Love bites could help prevent botched injections
Technology inspired by love bites will help prevent botched injections, scientists claim.
Researchers say hickeys, as they are also known, increase the diameter of the veins in the neck by up to a third.
This draws blood to the area, making the veins easier to locate. Difficulty finding blood vessels is a major reason for why so many fail.
But new technology, which uses an in-built pumping device to create a similar level of suction to a love bite, will change that.
The device, called Vacuderm and tested by a team of researchers at Nottingham Trent University, will be available on the NHS from June.
Pictured (l-to-r): Dr Arash Bakhtyari – CEO of Olberon Medical Innovations, the developer; Dr Amin Al-Habaibeh, professor of intelligent engineering systems; and Maryam Asrar, research assistant in artificial intelligence of medical applications, who is holding the technology
The technology is being developed by Olberon Medical Innovations, also based in Nottingham, with support from the NTU team.
The project is being led by Dr Amin Al-Habaibeh, professor of intelligent engineering systems.
‘Veins can be especially hard to find in people who have poor or no visible veins and in certain groups of people such as children and older people,’ Dr Habaibeh told MailOnline.
‘If a clinician has to try several times to find a vein, it can be traumatic for both the practitioner and patient.
‘But this simple technology, which works on a similar basis to a love bite, could help reduce the number of botched injections significantly by making veins more prominent and easier to find.’
Some 30million cannulations are performed yearly on the NHS, of which up to a third fail, according to the researchers.
Vacuderm is worn like a wristwatch with a stretchy strap and buckle (1). Once tightly fastened, a clinician pushes the pump ‘at least ten-to-15 times’ (2) to cause the patient’s veins to enlarge. The cannula is then inserted as normal (3) and the strap is released by lifting the buckle (4)
Cannulations involve placing a thin tube, known as a cannula, into a vein to medication, sample blood or insert a surgical instrument.
Tourniquets are already used when inserting a cannula, however, the in-built pumping device of the Vacuderm is novel.
Failed insertions most often affect children, with around half of attempts being unsuccessful, which can be painful and increase the risk of infection.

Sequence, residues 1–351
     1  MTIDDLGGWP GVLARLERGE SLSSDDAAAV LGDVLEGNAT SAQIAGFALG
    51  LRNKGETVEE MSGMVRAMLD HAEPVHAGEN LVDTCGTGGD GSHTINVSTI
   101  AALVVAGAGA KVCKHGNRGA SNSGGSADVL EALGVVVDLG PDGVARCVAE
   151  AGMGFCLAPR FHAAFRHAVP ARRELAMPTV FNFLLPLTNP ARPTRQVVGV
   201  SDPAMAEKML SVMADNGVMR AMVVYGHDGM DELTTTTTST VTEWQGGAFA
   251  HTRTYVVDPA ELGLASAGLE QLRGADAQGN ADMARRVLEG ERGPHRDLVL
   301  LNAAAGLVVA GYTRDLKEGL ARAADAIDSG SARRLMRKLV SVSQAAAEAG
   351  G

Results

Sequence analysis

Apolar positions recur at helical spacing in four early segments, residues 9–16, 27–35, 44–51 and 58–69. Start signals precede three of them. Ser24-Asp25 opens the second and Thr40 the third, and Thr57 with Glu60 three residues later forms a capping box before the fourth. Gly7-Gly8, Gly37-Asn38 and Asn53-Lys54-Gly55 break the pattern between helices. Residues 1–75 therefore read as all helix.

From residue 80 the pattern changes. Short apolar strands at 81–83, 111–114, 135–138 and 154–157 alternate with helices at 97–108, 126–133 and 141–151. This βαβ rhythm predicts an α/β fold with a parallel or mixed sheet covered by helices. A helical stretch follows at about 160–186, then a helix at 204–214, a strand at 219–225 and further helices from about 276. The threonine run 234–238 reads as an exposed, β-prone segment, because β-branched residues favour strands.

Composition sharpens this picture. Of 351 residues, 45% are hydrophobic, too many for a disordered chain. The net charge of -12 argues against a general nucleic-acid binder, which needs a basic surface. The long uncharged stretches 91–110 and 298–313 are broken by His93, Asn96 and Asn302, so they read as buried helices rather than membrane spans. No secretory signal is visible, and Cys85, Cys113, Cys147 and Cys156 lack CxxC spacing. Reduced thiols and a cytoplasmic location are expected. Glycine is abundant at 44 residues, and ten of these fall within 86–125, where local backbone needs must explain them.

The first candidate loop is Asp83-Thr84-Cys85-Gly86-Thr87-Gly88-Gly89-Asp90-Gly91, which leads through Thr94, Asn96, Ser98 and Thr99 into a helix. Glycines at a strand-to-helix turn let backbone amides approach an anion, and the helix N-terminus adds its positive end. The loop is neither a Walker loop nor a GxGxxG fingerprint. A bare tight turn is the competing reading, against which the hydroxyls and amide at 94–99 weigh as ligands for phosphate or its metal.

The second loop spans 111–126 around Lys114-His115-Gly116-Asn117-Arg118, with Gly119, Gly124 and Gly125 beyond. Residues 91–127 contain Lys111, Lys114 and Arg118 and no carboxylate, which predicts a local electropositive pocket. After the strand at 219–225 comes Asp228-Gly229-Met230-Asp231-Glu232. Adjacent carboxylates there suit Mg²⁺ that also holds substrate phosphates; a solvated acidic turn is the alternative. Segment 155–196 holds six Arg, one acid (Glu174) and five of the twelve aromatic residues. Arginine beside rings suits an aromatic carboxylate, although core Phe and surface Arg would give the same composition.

These failed attempts occur due to veins being ‘non-visible’ and ‘non-palpable’, the researchers wrote in the British Journal of Nursing.
The cost of each cannulation procedure is estimated to be in the region of £33, according to medical studies.
Dr Al-Habaibeh said the cost to the NHS of failed cannulation can therefore be estimated to be around £297million per year, including equipment and staff time.
To put Vacuderm to the test, 20 healthy volunteers had a cannula fitted with the technology on the back of one hand and without it on the other.
A change to the participants’ vein diameter was estimated by comparing Vacuderm as a tourniquet with and without pumping.
Infrared technology was also used to assess any change in temperature to the participants’ hands.
The tourniquet (pictured) has a pumping device that creates a similar suction to love bites
A raised temperature suggests blood is pooling in that area, which enables doctors to use infrared cameras to track down hard-to-spot veins.
Results revealed Vacuderm increased the diameter of the participants’ veins by 24-to-31 per cent and their cross sectional area by 54-to-71 per cent.
It also significantly raised the veins’ temperature and ‘clarity’.
‘It is clearly shown that pumping effect is playing a vital role, not only in the expansion of veins,’ the researchers wrote.
‘But also in improving the visibility of the veins as compared to the situation where there is no pumping.
‘Pumping effect contributes by producing more tension in the veins due to which the diameter of veins expands eventually.’
Dr Arash Bakhtyari, chief executive of Olberon Medical Innovations, added: ‘The Vacuderm was developed because patients had bad experiences with needle insertion and this study shows that the Vacuderm is likely to help with this.’
WHAT IS A CANNULA?
A cannula is a very small, flexible tube that is placed in one of the veins, usually on the back of the hand or arm.
It is used to insert medicines and fluids straight into the bloodstream or take blood samples.
Having a cannula inserted is similar to having a blood test and usually takes just a few minutes.
A tourniquet may be used to make the veins easier to access.
An anaesthetic cream or cold spray is offered before insertion to numb the area.
A needle is then inserted into one of the veins before being removed, leaving a tiny, thin tube behind.
The IV cannula is taped into place and may have a bandage over it to prevent it being knocked.
A cannula should not hurt once in place and can be left for several days.
It only takes a few seconds to remove, which is done by a nurse.
Some patients are left with a small bruise, which should heal as normal.
Source: Great Ormond Street Hospital